Bioethics and human rights: Merger or acquisition?

Professor John Tobin1

1Melbourne Law School, University of Melbourne

There is an increasing trend to view issues which have traditionally been the province of bioethics through the lens of human rights.  The aim of this paper is to examine this trend and the extent to which human rights has a legitimate role to play in providing guidance in relation to contentious bioethical issues.  To what extent are these discourses aligned and to what extent are advocates of a rights based approach seeking to displace the role of bioethics? After providing a general overview of the general principles that inform a rights based approach, case studies will be used to demonstrate the application of this model in practice.


Biography

John Tobin is a Professor in the Melbourne Law School at the University of Melbourne. He has a combined commerce/law degree with honours and a PhD from the University of Melbourne. He also has an LLM with distinction from the University of London. He has designed and taught several subjects in areas of international law, human rights, children’s rights and public interest lawyering. He also coordinates the legal internship subject across the LLB, JD and Masters programs in the Melbourne Law School and coordinates the MLS Human Rights Alumni Network. In 2010 he was awarded the Barbara Falk Award for Teaching Excellence by the University of Melbourne and in 2011 he was awarded a national citation for outstanding contribution to student learning in the area of human rights. In 2006 he was a Visiting Professor at both the American Academy of Human Rights and Humanitarian Law, Washington College of Law, American University and in the Law School at New York University. In 2011 he was the Senior Scholar in Residence at the Center for Human Rights and Global Justice at NYU Law School.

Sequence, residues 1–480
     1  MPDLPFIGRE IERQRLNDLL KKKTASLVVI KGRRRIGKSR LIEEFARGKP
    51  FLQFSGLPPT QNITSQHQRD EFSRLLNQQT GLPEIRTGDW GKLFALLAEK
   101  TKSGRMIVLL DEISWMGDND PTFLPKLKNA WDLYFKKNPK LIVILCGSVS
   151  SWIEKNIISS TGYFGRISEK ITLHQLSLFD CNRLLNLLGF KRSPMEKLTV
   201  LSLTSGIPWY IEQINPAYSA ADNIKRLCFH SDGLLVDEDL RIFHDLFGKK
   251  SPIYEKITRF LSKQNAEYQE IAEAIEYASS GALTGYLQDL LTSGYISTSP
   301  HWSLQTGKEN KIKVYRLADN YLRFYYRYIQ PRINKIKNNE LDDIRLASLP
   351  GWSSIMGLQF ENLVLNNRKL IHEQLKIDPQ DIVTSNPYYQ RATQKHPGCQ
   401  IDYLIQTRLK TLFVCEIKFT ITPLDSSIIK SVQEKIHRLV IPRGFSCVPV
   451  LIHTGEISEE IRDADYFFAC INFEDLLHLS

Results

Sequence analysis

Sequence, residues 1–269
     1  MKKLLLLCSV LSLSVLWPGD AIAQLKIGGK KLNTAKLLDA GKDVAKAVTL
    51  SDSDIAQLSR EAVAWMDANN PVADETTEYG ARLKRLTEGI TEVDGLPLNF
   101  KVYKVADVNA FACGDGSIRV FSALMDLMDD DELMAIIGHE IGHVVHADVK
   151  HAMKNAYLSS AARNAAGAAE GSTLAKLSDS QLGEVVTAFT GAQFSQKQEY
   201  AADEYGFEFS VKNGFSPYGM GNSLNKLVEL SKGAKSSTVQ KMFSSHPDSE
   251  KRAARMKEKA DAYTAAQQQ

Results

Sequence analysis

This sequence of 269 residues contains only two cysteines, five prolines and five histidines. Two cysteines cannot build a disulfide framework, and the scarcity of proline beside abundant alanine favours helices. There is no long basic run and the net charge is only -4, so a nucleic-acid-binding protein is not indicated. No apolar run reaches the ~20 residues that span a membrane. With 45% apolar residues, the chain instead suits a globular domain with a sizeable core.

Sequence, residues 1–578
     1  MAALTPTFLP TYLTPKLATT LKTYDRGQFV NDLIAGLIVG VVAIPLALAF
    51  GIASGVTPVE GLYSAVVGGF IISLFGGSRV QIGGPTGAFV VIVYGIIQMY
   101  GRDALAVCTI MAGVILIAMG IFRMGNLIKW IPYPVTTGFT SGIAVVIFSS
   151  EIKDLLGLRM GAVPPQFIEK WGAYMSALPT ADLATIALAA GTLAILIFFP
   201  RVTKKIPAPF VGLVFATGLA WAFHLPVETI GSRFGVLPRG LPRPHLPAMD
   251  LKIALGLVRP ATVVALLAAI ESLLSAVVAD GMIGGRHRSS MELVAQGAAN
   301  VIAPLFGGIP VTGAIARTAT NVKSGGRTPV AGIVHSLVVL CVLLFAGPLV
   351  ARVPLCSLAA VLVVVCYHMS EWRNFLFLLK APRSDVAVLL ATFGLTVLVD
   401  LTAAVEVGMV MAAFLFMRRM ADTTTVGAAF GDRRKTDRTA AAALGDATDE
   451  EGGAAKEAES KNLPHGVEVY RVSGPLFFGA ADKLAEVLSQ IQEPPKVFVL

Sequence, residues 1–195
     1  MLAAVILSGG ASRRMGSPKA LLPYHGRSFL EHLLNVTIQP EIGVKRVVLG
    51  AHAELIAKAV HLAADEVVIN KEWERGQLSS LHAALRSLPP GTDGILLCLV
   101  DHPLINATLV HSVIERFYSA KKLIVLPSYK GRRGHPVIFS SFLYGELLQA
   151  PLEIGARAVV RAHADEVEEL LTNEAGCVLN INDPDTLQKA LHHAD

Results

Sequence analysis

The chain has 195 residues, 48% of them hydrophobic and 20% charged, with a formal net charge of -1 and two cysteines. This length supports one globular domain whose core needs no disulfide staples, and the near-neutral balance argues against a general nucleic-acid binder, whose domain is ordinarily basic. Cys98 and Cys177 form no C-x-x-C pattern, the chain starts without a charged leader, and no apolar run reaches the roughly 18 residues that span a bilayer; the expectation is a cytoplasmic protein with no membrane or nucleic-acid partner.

About the Association

The Australasian Association of Bioethics and Health Law (AABHL) was formed in 2009.

It encourages open discussion and debate on a range of bioethical issues, providing a place where people can ask difficult questions about ideas and practices associated with health and illness, biomedical research and human values.

The AABHL seeks to foster a distinctive Australasian voice in bioethics, and provide opportunities for international engagement through its membership, journal and conferences.

Members come from all the contributing humanities, social science and science disciplines that make up contemporary bioethics.

Many members have cross-disciplinary interests and all seek to broaden the dialogues in which all members of the wider community ultimately have an interest.

The AABHL is a supportive, creative and challenging community that provides a rich source of continuing academic refreshment and renewal.

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